> VIERNE Symphony [RB]: Classical Reviews- Aug 2002 MusicWeb(UK)






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  Founder: Len Mullenger
Classical Editor: Rob Barnett

Louis VIERNE (1870-1937)
Symphony in A minor (1908) [38.48]
Poème for piano and orchestra (1924) [22.23]
François Kerdoncuff (piano)
Orchestre Philharmonique de Liège/Pierre Bartholomée
rec 25-29 June 1996, Salle du Conservatoire Royal, Liège, France
TIMPANI 1C1036 [61.32]
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The single orchestral Symphony of Poitiers-born Louis Vierne will be well liked by anyone who favours the symphonies by César Franck, Franz Schmidt and Elgar. It is in four movements with the vigorous and desperately romantic first and third movements framing a lack-lustre Lamento. The finale is positive and again picks up Franckian determination mixed with the sort of forward-pressing theme you find in Elgar's Cockaigne and First Symphony. At 05.00 in the finale that whirling determination sounds uncannily like part of the finale of Bax's Sixth Symphony written in 1934. The Vierne is dedicated to Gabriel Fauré. I have distant memories of Georges Tzipine's performance on, what I seem to recall was, an old Erato LP. The orchestra was the ORTF SO and the coupling was the orchestral version of the song cycle Spleen et Détresses. Does anyone still have that LP and if so would you mind sending me a CDR if you can possibly make one. I would love to be able to compare the performances.

After hearing this Symphony I wondered what a Vierne symphony written after the Great War would have sounded like. I suspect that had he written one it would have been a work that, if the Piano Quintet and Solitude are anything to go by, would have held the international stage. Now Timpani, come on, and please record the first two and the last two Ropartz symphonies either in Liège or in Strasbourg.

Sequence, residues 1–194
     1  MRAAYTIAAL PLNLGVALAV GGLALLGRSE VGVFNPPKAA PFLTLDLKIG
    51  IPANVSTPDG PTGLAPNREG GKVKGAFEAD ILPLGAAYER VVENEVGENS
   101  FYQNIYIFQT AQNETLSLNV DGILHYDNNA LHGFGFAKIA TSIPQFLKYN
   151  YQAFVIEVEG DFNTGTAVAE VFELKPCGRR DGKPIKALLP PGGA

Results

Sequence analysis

The Poème for piano and orchestra is the antithesis of showiness. This is not a piece you would have had from Stojowski or Saint-Saëns. Vierne took the way of sincerity and gravity. I wonder if Vierne had heard John Foulds' Dynamic Triptych (also for piano and orchestra and recorded on a Lyrita Recorded Edition CD) for the introduction sounds rather like the calmer parts of that work. There is also a contemplative or meditative quality to the music similar to the slow and irresistible acceptance of baleful fate in Seul - the last Prélude in Vierne's Op. 36 set. The second section bears an early Prokofiev imprint and it is quite likely that Vierne would have heard Prokofiev in concert in Paris well before he wrote this Poème. A dreamy andante episode follows recalling the calm cradling of Seul crossed with John Ireland's Forgotten Rite and Legend. I am not sure how well resolved this piece is; the quicker music is not necessarily of such transfixing quality as the slower. Overall the work reminded me of the jazziness of Walton's contemporary Sinfonia Concertante for piano and orchestra (premiered by York Bowen in London). Kerdoncuff, by now an adept Vierne specialist, is fluent and full of thoughtful and lively touches. The Liègeois orchestra is good though the French Horn at 5.40 seems to be holding on to the buoyant theme by his(?) finger-nails.

The Poème was written at Pontaillac near the Atlantic port of Royan. It was one of two such non-concerto works. They were written for the pair who had put Vierne up to writing his violin sonata - Raoul Pugno and Eugène Ysaye. For Ysaye he followed up with the Ballade for violin and orchestra. I rather wish that space had been made on the recent Hyperion/Graffin disc of rare French music for violin and orchestra for Vierne's Ballade alongside the lovely pastoral landscape of Canteloube's Poème. Has the Vierne work ever been recorded? If anyone has a copy do contact me please. While considering this why not a recording of Pierné's Fantaisie Basque for violin and orchestra. This was written in 1927 so is practically contemporary with the Canteloube and the Vierne.

Excellent supportive notes by Harry Halbreich and Vierne expert Jean-Pierre Mazeirat. Mazeirat is to Vierne what Lewis Foreman is to Bax and Diana McVeagh to Gerald Finzi.

In summary: a positively confident though not completely successful symphony in the Franck-Elgar mode. The Poème, touched with orientalism, is a not completely comfortable conjunction of subtle and obvious. Intriguing all the same.

Rob Barnett



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